Monday, June 20, 2011

Never the tway....

Two years ago, after a holiday exploring Hadrian's Wall, we decided to drive to Scotch Corner, via Alston & Barnard Castle. I'd never explored the north Pennines and wanted to 'take a peak'. It was a dreary day, with low cloud, wind and heavy drizzle. But the landscapes were tremendous. We stopped for a 'comfort break' just next to an imposing sign warning us we were entering Co. Durham.

After a mug of tea and a chewy bar, I decided to take a peak in the straggly heather growing on the hagged peat just down the road. This revealed an unexpected botanical treasure.

It looked like a twayblade but way smaller. The plant above is about 1.5cm high - almost lost in its bed of sphagnum moss. A further search revealed a few more mature plants (still only about 8cm high).

This is one of our most secretive and diminutive orchids; lesser twayblade, Neottia cordata (formerly Listera cordata). A quick survey (it was wet, windy cold remember) discovered 28 plants in the near vicinity. The record was sent to BSBI and I believe this was a new site for this species :)

We drove down through Upper Teesdaler spotting globeflower, northern marsh orchid, blah, blah, blah, in the verges. Put a note in diary to return for a holiday.

When I got home I told Dr. Henry Oakeley (President of The Orchid Society of Great Britain) about the twee tways. To my delight and astonishment he published my (edited) email to him and my photos in the society's journal (2009, Volume 58, Number 3, page 145). The whole edition is available on their website but it is a large download. Below is the relevant page. (Their journal (no paywall so chapeau to them) is worth a gander as there is an article (the President's letter) just before the lesser twayblade, about its larger cousin Neottia ovata and also notes on pollination in Ophrys insectifera (fly orchid)).

So let's get up to date. Finally, last week, we visited Upper Teesdale for a holiday. Fantastic place (more to come later). We went back to the lesser twayblade site (the GPS was bang on) and found 12 plants. Again the weather was wretched for my point and shoot camera so photos are pretty poor again. Gah.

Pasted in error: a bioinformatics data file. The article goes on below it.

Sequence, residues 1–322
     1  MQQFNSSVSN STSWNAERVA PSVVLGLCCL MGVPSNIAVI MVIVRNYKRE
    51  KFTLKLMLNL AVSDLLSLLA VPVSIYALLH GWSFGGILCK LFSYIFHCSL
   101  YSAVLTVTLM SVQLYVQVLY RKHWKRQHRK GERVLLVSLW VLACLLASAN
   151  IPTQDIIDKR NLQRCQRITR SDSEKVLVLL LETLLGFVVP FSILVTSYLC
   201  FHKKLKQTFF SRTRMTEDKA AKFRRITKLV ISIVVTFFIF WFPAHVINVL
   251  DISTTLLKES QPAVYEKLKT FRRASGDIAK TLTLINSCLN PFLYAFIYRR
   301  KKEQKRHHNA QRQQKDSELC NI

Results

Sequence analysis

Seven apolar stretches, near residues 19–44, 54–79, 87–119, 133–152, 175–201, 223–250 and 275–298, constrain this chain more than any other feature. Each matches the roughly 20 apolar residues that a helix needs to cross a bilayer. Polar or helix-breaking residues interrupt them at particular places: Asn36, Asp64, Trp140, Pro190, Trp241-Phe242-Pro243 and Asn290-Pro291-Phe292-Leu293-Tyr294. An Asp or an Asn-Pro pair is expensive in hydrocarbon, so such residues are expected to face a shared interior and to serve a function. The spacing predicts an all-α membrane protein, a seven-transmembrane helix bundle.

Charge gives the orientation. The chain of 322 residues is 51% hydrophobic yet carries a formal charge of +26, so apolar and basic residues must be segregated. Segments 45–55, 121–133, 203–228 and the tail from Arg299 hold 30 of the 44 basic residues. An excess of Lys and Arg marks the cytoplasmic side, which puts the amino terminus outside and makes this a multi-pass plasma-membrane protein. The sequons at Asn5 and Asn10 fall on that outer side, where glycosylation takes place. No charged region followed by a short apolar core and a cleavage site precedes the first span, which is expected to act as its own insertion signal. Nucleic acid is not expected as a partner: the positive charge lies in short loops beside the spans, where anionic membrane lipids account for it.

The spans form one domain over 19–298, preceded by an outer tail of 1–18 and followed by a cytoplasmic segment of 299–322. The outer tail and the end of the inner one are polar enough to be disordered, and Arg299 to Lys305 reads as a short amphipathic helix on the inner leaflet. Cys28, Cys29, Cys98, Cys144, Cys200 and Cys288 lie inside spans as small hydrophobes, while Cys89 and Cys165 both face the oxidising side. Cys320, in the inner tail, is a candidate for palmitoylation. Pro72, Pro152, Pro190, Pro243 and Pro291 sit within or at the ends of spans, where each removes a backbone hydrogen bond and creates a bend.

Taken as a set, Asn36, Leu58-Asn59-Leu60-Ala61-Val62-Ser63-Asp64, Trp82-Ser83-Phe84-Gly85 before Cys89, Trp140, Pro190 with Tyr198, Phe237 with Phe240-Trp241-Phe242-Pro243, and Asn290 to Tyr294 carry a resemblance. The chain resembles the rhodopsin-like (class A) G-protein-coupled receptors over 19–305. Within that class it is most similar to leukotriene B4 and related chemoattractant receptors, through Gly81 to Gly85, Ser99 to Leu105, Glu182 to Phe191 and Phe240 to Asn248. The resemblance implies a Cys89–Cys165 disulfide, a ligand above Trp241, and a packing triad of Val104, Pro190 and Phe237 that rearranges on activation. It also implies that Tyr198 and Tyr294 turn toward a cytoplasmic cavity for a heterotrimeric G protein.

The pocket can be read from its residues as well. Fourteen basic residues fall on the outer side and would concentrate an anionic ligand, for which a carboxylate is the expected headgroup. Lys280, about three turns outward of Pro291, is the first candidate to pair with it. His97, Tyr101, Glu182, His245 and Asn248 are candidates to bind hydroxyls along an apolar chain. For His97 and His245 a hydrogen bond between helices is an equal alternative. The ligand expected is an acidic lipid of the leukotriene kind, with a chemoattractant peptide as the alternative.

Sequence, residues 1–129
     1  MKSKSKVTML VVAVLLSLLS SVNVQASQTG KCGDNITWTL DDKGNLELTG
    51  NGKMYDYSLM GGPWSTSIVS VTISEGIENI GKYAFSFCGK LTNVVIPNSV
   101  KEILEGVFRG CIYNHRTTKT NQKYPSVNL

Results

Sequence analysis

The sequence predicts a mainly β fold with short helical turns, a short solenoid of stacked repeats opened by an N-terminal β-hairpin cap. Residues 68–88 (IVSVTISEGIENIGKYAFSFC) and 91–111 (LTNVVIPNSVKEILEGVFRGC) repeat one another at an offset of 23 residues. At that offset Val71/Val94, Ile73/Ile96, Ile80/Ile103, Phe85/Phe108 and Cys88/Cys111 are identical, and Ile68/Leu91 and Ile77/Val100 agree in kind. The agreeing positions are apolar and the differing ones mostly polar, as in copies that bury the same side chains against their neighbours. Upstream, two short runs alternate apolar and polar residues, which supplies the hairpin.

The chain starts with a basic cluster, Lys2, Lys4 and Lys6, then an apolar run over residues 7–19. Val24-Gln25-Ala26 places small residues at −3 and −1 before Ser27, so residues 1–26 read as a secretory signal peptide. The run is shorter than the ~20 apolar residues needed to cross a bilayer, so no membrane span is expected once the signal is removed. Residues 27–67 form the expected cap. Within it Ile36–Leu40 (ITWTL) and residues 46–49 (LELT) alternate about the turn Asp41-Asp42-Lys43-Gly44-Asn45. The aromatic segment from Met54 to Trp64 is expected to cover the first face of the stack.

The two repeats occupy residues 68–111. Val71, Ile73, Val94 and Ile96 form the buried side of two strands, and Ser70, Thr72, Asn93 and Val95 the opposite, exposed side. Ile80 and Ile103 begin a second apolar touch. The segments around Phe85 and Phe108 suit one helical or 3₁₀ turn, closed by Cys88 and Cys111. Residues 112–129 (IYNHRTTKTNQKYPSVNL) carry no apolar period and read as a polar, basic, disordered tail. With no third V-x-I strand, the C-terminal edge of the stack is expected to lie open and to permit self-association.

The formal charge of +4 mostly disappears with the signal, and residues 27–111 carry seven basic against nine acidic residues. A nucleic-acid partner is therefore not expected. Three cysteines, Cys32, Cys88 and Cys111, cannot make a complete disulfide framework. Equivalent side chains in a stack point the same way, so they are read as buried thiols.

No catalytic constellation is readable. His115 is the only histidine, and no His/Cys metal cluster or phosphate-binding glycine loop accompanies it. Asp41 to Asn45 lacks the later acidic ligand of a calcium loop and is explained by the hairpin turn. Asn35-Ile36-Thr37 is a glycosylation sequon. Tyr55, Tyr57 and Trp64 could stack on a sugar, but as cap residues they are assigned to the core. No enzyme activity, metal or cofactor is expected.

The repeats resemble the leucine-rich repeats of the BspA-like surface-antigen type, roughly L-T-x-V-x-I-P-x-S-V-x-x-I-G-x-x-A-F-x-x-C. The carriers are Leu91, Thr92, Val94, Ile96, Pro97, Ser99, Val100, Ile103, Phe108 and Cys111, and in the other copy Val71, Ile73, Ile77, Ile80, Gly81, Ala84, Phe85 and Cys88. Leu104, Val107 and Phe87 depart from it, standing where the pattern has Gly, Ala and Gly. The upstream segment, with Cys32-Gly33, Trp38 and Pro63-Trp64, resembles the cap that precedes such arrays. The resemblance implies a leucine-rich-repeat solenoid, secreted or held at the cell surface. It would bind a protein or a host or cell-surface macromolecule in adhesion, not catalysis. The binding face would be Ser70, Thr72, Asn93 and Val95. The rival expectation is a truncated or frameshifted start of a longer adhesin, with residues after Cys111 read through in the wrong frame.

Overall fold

Here is a baby plant almost dwarfed by a star moss.

And here is a plant only 5cm tall.

Later in the week, I called the car to a halt by some hagged peat with straggly heather by the side of the road over to Weardale. Just incase....

Happiness! There, under the heather, invisible unless you searched for them, were some lesser tways. The one in the photo below is about 15cm tall. The weather was, as per usual wet, windy and dull, so this is the best shot I got. We counted 50 plants in the vicinity. I don't know if this site is known about (I'm waiting for the botanical county recorder to get back to me on that).

I wonder how the widespread heather burning for grouse shoots in this area is impacting on this stunning little plant. I suspect negatively. I'd love to do a PhD on it!

There is an excellent webpage on lesser twayblade, by Trees for Life, here.

EDIT: My dad (not botanically minded) asked after the tweeblades the other day! Rather appropriate.


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  2. Hi Mel, i am heading up to Teesdale this weekend. I live in the peak district and have spent the last three years searching for Lesser Twayblade on the high moors where it was last recorded in the 40's ... to no avail! I know how hard it is to find even when you have a grid reference but wondered if there was anyway you could give me the grid reference for the colony you discovered? Would love to see them!
    All the best, Byron Machin (